2. An essay outline which will count for 20% of the marks
3. An essay of 5000 words (including footnotes), which will count for 60%

Reassessment methods

The module will be reassessed by a reassessment instrument of an essay.

Indicative reading

Cesaire, A. (1972) Discourse on Colonialism, (New York: Monthly Review Press).
Chakrabarty, D. (2007) Provincializing Europe: Postcolonial Thought and Historical Difference, (New Jersey: Princeton University Press).
De Castro, E.V. (2015) The Relative Native Essays on Indigenous Conceptual Worlds, (Chicago: Hau Books).
Haldar, P. (2007) Law, Orientalism and Postcolonialism: Jurisdiction of the Lotus Eater, (London: Cavendish).
Harries, C. (1993) 'Whiteness as Property' Harvard Law Review vol. 106, no 8, pp.1707-91.
Fanon, F. (2001) The Wretched of the Earth, (London: Penguin Classics).
Mbembe, A. (2001) On the Postcolony, (Berkeley: University of California Press)
Said, E. (1978) Orientalism, (London: Penguin).
Spivak, G. (1987) 'Can the Subaltern Speak' in C. Grossberg and L. Nelson (eds.), Marxism and the Interpretation of Culture (Illinois: University of Illinois Press), pp. 271-315.
Stoller, A. (2016) Duress Imperial Durabilities in our Times, (London: Duke University Press)

Learning outcomes

The intended subject specific learning outcomes.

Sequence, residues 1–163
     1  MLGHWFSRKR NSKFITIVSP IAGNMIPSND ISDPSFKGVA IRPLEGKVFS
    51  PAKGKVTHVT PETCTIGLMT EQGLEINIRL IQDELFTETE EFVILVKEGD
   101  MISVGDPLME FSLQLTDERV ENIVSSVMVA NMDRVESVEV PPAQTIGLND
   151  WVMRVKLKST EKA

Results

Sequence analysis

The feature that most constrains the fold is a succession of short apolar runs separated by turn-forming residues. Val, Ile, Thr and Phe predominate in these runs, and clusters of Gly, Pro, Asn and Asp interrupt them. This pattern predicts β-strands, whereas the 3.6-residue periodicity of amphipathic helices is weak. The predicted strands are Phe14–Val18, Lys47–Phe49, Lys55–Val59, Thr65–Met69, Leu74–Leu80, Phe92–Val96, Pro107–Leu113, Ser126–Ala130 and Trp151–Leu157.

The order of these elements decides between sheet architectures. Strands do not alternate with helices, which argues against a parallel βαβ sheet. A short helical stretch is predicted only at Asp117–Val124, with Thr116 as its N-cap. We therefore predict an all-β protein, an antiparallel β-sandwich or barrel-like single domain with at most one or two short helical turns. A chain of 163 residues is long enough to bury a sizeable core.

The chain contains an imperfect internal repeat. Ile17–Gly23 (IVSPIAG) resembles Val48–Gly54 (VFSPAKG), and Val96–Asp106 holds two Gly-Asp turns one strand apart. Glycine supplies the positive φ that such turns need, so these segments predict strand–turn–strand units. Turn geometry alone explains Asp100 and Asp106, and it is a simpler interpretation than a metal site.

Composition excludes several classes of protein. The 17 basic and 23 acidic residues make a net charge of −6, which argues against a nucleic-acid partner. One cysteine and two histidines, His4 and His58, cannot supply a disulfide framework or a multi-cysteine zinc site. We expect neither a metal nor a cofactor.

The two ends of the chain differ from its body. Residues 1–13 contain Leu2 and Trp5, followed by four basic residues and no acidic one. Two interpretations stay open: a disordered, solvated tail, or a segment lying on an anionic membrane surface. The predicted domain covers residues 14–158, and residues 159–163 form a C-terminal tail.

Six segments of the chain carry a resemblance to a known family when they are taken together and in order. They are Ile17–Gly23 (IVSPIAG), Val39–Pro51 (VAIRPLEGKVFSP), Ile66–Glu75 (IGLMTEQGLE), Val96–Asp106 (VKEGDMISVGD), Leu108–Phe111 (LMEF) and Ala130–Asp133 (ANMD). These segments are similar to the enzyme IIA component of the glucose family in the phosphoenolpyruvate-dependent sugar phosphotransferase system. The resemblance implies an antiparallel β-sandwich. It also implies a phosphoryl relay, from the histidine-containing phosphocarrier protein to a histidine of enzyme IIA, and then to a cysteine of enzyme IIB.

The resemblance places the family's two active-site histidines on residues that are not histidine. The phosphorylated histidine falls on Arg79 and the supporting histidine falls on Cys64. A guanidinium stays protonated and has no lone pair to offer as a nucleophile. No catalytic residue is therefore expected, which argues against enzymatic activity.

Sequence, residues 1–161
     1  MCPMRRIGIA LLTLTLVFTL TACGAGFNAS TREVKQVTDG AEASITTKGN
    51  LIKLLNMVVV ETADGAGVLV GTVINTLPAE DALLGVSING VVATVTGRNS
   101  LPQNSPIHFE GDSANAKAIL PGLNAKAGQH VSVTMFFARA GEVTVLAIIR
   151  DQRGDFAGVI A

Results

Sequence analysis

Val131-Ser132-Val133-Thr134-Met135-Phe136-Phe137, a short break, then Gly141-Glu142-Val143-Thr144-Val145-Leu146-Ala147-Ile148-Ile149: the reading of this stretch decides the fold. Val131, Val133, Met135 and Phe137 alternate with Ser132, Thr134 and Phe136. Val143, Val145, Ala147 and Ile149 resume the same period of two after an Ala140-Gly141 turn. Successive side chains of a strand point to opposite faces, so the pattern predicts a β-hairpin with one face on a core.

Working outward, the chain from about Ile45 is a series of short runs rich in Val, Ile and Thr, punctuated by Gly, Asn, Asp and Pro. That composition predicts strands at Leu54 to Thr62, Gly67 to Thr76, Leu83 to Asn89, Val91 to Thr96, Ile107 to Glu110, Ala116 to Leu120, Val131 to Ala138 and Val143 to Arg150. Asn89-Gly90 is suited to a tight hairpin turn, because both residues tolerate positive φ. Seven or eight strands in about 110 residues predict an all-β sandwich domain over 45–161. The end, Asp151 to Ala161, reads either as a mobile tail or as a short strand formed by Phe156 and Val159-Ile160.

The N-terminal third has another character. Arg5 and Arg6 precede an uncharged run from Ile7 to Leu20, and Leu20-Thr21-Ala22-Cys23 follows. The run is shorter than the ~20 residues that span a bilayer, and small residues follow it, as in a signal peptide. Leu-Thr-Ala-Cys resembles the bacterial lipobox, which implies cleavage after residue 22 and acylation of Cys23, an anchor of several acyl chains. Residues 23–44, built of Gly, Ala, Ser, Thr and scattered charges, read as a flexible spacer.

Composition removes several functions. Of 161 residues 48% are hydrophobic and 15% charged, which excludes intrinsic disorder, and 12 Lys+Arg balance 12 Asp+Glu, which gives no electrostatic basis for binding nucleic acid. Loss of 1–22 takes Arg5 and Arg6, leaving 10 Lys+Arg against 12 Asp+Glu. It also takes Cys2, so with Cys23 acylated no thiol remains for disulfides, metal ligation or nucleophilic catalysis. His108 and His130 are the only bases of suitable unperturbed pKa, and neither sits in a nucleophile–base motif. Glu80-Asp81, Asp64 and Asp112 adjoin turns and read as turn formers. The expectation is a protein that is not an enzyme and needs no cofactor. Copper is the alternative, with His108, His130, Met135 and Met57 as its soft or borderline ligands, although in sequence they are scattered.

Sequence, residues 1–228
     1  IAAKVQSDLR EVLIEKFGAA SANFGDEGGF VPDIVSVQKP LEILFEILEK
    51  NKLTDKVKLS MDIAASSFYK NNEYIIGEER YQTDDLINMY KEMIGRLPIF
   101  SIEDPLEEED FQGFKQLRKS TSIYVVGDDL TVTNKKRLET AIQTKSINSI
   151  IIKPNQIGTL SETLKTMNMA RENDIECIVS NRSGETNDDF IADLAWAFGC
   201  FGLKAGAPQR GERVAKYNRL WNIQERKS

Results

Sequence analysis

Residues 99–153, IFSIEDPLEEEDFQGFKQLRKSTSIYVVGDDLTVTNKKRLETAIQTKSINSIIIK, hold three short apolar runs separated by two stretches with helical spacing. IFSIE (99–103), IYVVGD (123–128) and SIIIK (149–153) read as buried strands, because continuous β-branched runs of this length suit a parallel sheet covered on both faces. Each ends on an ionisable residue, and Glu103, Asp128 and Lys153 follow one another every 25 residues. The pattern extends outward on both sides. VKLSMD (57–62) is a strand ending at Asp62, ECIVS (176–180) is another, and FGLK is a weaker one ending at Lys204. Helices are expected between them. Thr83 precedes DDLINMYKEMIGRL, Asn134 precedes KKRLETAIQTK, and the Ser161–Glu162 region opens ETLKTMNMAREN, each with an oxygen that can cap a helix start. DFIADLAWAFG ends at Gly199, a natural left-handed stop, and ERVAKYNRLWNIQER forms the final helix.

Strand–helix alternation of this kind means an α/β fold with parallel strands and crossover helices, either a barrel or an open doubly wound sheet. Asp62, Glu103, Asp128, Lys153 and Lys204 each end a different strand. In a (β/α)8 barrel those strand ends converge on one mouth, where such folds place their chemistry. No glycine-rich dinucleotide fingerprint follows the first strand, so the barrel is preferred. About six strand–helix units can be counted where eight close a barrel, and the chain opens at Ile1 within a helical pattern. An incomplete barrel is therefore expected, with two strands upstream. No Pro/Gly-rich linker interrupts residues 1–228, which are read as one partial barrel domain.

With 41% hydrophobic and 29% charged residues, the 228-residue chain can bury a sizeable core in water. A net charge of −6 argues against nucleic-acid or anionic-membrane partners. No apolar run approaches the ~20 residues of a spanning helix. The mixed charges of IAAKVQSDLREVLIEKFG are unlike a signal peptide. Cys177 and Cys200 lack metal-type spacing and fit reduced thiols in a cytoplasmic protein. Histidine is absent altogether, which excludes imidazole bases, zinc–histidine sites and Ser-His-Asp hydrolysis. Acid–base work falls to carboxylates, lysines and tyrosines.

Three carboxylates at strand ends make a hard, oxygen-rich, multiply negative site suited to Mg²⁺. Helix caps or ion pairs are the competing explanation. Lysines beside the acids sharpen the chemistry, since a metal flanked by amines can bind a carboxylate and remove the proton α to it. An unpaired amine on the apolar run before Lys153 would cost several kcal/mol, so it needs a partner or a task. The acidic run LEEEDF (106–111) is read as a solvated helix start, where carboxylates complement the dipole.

On successfully completing the module students will have:

1. An appreciation of the significance of postcolonial theory and its principle areas of application;
2. A systematic understanding of the juridical and political ideas central to postcolonial theory,
3. A detailed understanding of how legal concepts, techniques and practices shape the relationship between the 'Global North' and 'Global
4. A detailed understanding of the epistemological evolution of the field of post-colonial studies, notably those developments emerging in the
Global South, such as the 'de-colonial' perspective;
5. An ability to apply their detailed knowledge and understanding of postcolonial theory to a critical analysis of law;
6. Enhanced their study skills that are of particular relevance and value to post-colonial studies and research.

The intended generic learning outcomes.
On successfully completing the module students will be able to:

1. Critically read and understand materials drawn from a range of disciplines (e.g. law, history, politics, sociology)
2. Critically read and understand complex theoretical arguments;
3. Analyse relevant contemporary topics using the methods and techniques learned in this module;
4. Demonstrate independent research and draw on different sources to produce an analysis of juridical and political issues;
5. Formulate research questions and independently identify and analyse contemporary issues that can be examined through the application
of (postcolonial) theory.


  1. ECTS credits are recognised throughout the EU and allow you to transfer credit easily from one university to another.
  2. The named convenor is the convenor for the current academic session.